With much healthcare publicly funded, Hong Kong's rapidly aging population will significant raise fiscal pressure over coming decades. We ask what the implications are of meeting these costs by public funding, or private funding voluntarily or through mandates. Our simulations suggest that without early reform, these costs quickly become unsustainable. Prefunding is key. Whether this is done through the public system or through mandatory private provision is less important. Voluntary schemes are likely to result in insufficient savings without tax incentives. Even then, voluntary accounts are unlikely to yield better macroeconomic outcomes, while mandates tend to produce more equitable consumption.
There is world-wide convergence in life expectancy, despite little convergence in GDP per capita. If one values longer life much more than material happiness, the world living standards may this have already converged substantially. This paper introduces the concept of the dynastic general equilibrium value of life to measure welfare gains from the increase in life expectancy. A calibration study finds sizable welfare gains, but these gains hardly mitigate the large inequality among countries. A conventional GDP-based measure remains a good approximation for (non) convergence in world living standards, even when adjusted for changes in life expectancy.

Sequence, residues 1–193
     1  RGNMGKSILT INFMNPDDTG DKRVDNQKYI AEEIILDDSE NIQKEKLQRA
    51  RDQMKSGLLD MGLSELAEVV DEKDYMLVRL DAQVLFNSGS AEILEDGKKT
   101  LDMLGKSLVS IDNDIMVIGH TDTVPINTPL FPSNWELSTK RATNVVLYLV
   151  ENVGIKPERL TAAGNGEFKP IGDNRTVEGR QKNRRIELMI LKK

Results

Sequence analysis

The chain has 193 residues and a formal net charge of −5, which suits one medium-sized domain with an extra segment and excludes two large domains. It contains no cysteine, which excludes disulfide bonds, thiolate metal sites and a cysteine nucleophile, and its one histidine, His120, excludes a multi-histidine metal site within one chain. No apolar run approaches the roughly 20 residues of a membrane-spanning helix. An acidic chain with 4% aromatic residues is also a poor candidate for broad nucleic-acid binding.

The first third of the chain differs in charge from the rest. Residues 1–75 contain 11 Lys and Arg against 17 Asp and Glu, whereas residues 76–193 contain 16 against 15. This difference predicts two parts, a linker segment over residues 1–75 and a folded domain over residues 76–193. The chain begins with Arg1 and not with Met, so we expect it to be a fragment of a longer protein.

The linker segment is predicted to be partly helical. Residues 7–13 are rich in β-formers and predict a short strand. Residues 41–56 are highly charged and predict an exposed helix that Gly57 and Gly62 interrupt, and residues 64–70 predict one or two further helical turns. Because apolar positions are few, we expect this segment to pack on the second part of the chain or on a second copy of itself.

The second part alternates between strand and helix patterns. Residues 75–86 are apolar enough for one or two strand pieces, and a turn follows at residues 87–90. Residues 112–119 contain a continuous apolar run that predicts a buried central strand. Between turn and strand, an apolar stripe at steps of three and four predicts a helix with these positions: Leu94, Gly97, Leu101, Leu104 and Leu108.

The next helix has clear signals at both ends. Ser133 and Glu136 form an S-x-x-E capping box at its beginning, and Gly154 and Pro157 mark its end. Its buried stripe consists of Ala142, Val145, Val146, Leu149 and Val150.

This paper analyzes the dynamic interactions between the precision of information, technological development, and welfare within an overlapping generations model. More precise information about idiosyncratic production shocks has ambiguous effects on technological progress and welfare, which depend critically on the risk sharing capacity of the economy's financial system. For example, we show that with efficient risk sharing more precise information adversely affects the equilibrium risk allocation and creates a negative uncertainty-related welfare effect, at the same time as it accelerates technological progress and increases R&D investment.
The design of the optimal sovereign insurance contract is analyzed when: the sovereign chooses the contract; effort is not contractible; shocks are of uncertain magnitude; the sovereign can save; and the sovereign can default. Under these conditions: i) an ex ante premium leads to higher coverage; ii) the premium increases with the sovereign's incentive to take risks; iii) a deductible is chosen to limit moral hazard; iv) the deductible-to-support ratio is decreasing with the size of the realized shock; and v) the change in the choice of savings when insurance is available is ambiguous, as there is a trade-off between inducing higher effort and increasing the likelihood of default.
These Technical Notes on France explain integration of global financial markets. The stress tests for the France Financial Sector Assessment Program (FSAP) were designed to yield as comprehensive and detailed a picture as possible within the constraints of the approach. Retail activity by foreign banks in France is small, but significant. The financial landscape in France remains characterized by a large number of idiosyncrasies that affect monetary transmission. Macroeconometric models point to a smaller reaction to monetary policy in France than in other large euro-area economies.